Batavia, Ill.-based Aldi US, which has sustainability aspirations built into its business model, now has nearly 500 stores using refrigerants that have near-zero global-warming potential, and the discount grocer estimates that 51% of potential carbon emissions have been saved due to its continued transition to natural refrigerants and phase-out of harmful refrigerants. Meanwhile, the growing chain is testing a smart-building automation system to minimize wasted energy with the lowest possible emissions.

In 2021, Aldi continued to purchase green electricity to cover 100% of its energy consumption and introduced its first company wind turbine, in Dwight, Ill. The company installed solar rooftop panels on additional buildings, bringing its total to more than 120 stores and 12 distribution centers. For 2022, it plans to install solar panels on an additional 60 stores and one new distribution center.

Seattle-based Amazon claims to be the world’s largest corporate purchaser of renewable energy, and is on a path to powering operations with 100% renewable energy by 2025, five years ahead of its original target. The online retailing giant now has 134 utility-scale wind and solar projects and 176 on-site solar projects that supply renewable energy to its corporate offices, fulfillment centers, data centers and physical stores, including some Whole Foods units.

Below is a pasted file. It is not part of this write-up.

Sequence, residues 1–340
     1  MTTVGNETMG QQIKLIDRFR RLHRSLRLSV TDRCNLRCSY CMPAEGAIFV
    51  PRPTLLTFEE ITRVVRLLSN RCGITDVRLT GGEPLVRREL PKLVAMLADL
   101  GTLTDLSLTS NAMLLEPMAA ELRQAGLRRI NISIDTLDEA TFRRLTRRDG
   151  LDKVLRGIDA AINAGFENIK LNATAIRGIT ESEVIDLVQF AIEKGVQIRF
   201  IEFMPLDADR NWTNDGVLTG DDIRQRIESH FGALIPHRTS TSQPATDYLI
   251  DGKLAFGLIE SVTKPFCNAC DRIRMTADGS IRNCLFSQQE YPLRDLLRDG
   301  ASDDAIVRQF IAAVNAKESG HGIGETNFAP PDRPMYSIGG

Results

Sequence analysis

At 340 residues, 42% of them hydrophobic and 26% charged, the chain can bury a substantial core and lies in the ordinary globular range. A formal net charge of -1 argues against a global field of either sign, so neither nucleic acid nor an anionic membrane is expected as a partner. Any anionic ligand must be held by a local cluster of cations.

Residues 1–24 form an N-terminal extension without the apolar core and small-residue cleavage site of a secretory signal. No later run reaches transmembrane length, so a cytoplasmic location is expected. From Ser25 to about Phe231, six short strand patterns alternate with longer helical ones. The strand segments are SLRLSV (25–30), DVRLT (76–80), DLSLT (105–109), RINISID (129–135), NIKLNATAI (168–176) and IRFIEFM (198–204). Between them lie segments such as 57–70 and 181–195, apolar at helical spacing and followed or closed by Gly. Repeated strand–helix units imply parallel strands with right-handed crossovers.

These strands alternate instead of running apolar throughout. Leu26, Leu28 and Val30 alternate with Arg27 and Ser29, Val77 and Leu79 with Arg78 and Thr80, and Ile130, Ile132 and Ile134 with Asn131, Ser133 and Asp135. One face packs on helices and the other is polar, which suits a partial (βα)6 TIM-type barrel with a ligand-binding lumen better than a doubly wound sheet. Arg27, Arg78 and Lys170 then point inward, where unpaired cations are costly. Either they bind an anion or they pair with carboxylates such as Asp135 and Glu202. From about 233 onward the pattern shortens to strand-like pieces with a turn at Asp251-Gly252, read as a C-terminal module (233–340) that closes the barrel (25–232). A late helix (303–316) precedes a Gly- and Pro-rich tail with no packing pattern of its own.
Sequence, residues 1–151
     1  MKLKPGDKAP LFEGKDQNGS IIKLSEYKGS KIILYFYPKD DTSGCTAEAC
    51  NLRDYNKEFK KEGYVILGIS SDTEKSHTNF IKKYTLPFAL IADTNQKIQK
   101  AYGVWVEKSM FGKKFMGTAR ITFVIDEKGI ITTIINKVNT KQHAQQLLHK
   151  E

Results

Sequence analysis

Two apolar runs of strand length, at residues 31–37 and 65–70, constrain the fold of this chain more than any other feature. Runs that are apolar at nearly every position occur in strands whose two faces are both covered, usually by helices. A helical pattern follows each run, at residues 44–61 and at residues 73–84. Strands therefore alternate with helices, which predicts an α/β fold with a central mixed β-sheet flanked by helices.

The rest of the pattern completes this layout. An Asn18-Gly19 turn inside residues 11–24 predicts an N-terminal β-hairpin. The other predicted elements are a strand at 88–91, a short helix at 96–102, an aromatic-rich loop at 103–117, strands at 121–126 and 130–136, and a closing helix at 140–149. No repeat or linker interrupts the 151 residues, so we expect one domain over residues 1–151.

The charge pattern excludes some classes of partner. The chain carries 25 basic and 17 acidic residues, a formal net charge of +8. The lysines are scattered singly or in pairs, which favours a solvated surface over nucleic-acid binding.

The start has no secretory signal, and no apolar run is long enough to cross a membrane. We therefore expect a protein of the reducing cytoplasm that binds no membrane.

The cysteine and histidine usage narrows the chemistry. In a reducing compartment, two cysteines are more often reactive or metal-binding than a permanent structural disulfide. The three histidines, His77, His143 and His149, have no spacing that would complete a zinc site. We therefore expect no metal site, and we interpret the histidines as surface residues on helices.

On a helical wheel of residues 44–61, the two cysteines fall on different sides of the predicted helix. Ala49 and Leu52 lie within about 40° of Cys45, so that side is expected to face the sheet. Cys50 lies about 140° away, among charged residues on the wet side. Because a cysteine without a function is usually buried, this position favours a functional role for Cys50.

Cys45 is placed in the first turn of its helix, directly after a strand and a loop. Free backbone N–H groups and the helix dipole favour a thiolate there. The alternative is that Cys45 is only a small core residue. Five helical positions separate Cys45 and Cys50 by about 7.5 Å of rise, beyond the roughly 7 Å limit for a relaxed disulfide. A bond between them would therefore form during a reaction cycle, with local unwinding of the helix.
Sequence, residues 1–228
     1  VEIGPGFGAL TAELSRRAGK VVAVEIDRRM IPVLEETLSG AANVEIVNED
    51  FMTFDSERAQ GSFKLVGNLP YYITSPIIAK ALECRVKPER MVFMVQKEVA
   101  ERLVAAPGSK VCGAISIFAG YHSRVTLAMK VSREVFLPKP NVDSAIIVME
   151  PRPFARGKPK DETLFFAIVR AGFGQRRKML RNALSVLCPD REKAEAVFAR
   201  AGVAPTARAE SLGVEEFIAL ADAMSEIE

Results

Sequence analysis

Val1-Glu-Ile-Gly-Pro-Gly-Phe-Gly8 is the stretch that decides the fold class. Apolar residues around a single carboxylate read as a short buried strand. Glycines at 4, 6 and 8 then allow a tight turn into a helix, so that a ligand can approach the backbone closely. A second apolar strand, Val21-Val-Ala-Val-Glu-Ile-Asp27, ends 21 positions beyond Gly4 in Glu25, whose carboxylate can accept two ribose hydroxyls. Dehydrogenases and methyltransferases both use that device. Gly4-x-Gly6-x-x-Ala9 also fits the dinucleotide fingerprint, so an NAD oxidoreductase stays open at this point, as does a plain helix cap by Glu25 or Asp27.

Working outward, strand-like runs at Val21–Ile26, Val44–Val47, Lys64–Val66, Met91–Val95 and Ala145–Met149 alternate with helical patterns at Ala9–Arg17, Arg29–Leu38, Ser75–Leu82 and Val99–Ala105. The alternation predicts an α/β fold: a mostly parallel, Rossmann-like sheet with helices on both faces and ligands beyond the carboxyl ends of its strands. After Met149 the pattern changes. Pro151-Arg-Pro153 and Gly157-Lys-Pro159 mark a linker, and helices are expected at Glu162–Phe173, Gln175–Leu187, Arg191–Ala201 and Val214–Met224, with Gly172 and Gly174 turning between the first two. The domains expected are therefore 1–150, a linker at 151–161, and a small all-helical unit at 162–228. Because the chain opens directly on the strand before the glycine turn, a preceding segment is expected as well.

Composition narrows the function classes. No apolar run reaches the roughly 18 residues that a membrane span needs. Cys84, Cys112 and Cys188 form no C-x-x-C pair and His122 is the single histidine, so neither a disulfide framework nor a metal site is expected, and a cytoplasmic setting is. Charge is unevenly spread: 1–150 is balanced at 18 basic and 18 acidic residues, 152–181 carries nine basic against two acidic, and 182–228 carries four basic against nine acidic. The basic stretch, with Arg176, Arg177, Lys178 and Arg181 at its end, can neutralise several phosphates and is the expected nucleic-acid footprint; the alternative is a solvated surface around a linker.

Target, which just released its first ESG report, is committing to source 60% of its electricity from renewable sources for its operations by 2025 — and that number jumps to 100% by 2030. Meanwhile, the company recently retrofitted its first net-zero-energy store, which is expected to generate up to 10% more renewable energy per year than needed to support its operations (the energy surplus can be transmitted back into a local power grid). The Vista, Calif., store will generate renewable energy through 3,420 solar panels across its roof and carport canopies. Even its HVAC system will be powered through solar energy. The store and its new features will inform Target’s investments in new stores and remodel programs, according to the company.

Lakeland, Fla.-based Publix Super Markets, a founding partner of the U.S. Environmental Protection Agency’s GreenChill program, now has 77 stores that have earned Silver GreenChill certifications, 28 stores with Gold GreenChill certifications and one Platinum Certified store.